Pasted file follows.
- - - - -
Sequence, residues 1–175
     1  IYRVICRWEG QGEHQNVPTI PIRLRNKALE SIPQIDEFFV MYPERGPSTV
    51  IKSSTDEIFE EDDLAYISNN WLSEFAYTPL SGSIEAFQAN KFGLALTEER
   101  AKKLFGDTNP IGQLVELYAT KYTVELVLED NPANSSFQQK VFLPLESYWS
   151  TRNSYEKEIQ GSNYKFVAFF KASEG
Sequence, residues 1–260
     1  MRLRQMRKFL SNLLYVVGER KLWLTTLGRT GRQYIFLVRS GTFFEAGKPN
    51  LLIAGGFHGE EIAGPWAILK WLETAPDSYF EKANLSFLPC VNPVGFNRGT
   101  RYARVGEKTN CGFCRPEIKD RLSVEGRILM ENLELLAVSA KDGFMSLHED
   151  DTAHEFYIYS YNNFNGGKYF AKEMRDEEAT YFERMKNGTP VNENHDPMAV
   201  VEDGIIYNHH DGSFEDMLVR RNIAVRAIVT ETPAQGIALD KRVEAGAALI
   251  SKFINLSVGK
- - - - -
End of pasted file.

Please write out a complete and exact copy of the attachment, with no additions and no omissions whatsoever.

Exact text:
Sequence, residues 1–175
     1  IYRVICRWEG QGEHQNVPTI PIRLRNKALE SIPQIDEFFV MYPERGPSTV
    51  IKSSTDEIFE EDDLAYISNN WLSEFAYTPL SGSIEAFQAN KFGLALTEER
   101  AKKLFGDTNP IGQLVELYAT KYTVELVLED NPANSSFQQK VFLPLESYWS
   151  TRNSYEKEIQ GSNYKFVAFF KASEG
Sequence, residues 1–260
     1  MRLRQMRKFL SNLLYVVGER KLWLTTLGRT GRQYIFLVRS GTFFEAGKPN
    51  LLIAGGFHGE EIAGPWAILK WLETAPDSYF EKANLSFLPC VNPVGFNRGT
   101  RYARVGEKTN CGFCRPEIKD RLSVEGRILM ENLELLAVSA KDGFMSLHED
   151  DTAHEFYIYS YNNFNGGKYF AKEMRDEEAT YFERMKNGTP VNENHDPMAV
   201  VEDGIIYNHH DGSFEDMLVR RNIAVRAIVT ETPAQGIALD KRVEAGAALI
   251  SKFINLSVGK